"I hope {people} don't understand completely because I want to be different," Prada said. "They can't understand completely because it's very personal. They can't be myself."

Prada was by no means the first designer to create clothes that caused women to shake their heads in disgust. Folks hadn't understood ugly when it was incarnated as grunge. Other atrocious notions abound: feather-trimmed evening gowns, plasticized miniskirts, gauchos, tube tops, tube skirts.

But these weren't intentionally bad ideas. They were risks, mistakes and the stuff of bad reviews. Designers just licked their wounds and moved on.

Prada was different. While ugly was out there in youth culture, "Prada was really the thing that made it legitimate in high fashion," Wolfe said.

Heaven help us, but the stuff was supposed to be ugly.

"There's a certain bad taste, but it looks so charming," Prada told The Washington Post after a Miu Miu show last year. "When we do the fittings, we say, How awful -- and how charming.' "

The industry loves Prada so much that the label has taken on icon status.

"Like isn't a strong enough word," proclaimed one fashion editor of her admiration for Prada. "We live for it."

This message became clear: If you don't get it, you are hopelessly uncool, uninitiated and doomed to a life of safe, mundane clothes . . . the bad kind.

Why does the industry love Prada?

"To me, it's the most advanced take on classics that exists. I don't like clothes that are tricky or complicated, but I don't want to wear anything plain," said Ricky Vider, fashion editor of Allure magazine and an avowed Prada wearer.

"But I don't opt for her prints. Maybe if I was younger, I could get away with it."

The fashion industry also loves experimentation.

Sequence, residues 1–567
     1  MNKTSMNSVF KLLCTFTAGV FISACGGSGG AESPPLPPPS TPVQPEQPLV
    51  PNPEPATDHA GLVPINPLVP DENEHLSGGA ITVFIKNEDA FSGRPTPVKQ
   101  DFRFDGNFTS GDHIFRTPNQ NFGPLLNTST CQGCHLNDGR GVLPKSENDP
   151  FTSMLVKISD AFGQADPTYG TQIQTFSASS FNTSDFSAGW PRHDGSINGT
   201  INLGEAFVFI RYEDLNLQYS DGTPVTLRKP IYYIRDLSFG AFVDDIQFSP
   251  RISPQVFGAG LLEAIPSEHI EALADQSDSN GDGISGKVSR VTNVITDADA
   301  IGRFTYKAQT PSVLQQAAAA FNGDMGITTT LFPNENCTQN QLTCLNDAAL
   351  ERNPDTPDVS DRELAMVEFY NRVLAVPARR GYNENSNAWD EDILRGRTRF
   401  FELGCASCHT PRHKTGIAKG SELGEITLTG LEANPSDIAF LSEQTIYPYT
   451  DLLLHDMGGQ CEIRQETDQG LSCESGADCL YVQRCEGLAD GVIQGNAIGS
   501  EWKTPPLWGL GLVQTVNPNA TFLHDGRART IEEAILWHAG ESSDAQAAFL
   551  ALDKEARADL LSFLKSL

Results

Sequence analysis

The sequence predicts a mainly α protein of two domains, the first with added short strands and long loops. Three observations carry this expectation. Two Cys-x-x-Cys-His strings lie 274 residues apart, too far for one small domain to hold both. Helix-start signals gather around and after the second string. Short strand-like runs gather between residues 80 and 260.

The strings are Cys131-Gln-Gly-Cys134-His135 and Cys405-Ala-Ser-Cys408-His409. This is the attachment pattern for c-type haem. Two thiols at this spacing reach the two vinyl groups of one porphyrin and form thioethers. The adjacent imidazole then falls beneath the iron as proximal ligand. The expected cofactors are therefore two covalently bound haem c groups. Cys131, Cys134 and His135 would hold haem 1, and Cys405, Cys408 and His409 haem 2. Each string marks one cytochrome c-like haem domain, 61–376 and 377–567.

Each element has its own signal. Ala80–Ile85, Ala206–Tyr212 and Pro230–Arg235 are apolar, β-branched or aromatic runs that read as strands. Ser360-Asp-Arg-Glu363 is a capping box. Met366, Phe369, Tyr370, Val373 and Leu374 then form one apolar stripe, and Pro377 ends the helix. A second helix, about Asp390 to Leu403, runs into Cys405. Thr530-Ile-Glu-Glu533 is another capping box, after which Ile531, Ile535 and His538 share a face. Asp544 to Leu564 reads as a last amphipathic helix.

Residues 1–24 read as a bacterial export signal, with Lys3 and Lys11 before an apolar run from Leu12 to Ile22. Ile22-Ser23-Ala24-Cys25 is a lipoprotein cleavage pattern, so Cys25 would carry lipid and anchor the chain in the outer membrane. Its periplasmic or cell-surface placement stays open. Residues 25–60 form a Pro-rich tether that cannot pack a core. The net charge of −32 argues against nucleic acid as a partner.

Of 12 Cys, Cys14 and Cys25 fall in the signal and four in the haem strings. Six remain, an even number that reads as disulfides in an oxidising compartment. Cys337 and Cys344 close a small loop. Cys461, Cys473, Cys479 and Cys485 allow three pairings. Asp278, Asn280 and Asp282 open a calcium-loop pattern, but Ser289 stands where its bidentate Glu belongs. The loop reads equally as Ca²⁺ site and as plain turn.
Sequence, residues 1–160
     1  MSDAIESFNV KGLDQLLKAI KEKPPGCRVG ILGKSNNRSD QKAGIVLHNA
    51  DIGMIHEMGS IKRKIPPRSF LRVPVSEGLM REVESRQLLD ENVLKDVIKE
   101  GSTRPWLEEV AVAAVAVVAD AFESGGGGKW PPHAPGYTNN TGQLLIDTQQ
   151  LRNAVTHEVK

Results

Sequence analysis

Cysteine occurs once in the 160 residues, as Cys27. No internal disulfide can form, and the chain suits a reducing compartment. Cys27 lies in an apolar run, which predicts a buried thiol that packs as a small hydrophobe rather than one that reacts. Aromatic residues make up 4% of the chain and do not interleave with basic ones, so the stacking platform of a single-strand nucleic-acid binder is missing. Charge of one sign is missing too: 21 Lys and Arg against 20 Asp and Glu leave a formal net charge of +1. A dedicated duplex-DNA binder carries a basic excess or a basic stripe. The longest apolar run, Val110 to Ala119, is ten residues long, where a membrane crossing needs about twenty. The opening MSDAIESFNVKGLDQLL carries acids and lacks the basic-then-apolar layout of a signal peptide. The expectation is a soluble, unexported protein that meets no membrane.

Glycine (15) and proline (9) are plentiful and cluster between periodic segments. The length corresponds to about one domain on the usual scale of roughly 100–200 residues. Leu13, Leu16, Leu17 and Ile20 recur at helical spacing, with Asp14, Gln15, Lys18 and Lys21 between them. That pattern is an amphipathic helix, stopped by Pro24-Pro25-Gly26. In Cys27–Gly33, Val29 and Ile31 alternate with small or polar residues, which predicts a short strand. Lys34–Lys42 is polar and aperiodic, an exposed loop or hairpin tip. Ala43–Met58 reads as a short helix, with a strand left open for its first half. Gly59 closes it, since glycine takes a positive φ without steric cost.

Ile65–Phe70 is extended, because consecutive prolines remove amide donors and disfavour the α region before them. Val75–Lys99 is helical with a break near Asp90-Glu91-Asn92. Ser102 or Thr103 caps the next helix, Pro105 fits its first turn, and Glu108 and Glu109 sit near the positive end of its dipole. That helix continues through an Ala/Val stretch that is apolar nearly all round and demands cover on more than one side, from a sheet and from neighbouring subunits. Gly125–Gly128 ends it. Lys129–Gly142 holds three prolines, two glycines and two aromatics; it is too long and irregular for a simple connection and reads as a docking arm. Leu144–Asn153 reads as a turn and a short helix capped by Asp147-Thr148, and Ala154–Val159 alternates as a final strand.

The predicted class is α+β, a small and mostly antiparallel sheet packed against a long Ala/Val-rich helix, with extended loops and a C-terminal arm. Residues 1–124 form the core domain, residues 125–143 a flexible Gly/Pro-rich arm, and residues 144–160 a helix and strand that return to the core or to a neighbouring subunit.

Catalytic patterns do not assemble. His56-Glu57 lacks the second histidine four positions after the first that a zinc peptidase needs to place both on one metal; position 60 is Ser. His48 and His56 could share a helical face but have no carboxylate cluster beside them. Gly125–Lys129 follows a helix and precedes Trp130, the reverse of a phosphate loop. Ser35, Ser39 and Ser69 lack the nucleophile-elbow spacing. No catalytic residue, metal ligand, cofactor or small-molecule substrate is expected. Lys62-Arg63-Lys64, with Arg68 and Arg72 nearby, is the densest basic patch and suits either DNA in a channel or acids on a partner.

"With every collection Prada does, she makes a change and she does it before the others," said Polly Mellen, fashion doyenne and creative director of Allure. "I admire everything she does." An Ugly Epidemic

Ugly has been contagious. Other designers have signed on to the philosophy of dowdy hemlines and dreary colors. Another strain of ugliness, the '70s, has been revisited. Menswear designers have promoted tight, polyester trousers in the Sansabelt style and blazers with big, flapping disco-era lapels. Few designers have had the willpower to resist offering a take on this fashion blip.

For some women, ugly has become a way of being trendy without looking shallow. Those kick-pleated skirts that fall to a modest length could never be construed as gaudy, sleazy or silly. This is weighty fashion. It's the sort of clothing worn by people who want to inform the world that they don't care about fashion, but rather, they are intellectual and complex.

Actress Uma Thurman wore Prada to the Oscars. The label was the perfect accessory to the smooth, sophisticated image that she had cultivated. In Uma's universe, men who had never even met her, much less talked to her, pronounced her deep, interesting and cool.

Ugly hasn't been limited to clothes. The look helped to launch a new generation of models. Bombshell star runway walkers began disappearing from shows. Along came spindly, ungainly models with lousy posture, stringy hair -- or locks gooped up until they hung limp and forlorn. They walked without grace or confidence, often with pelvises thrust forward, slumped shoulders following and a hungry, hollow look in their eyes.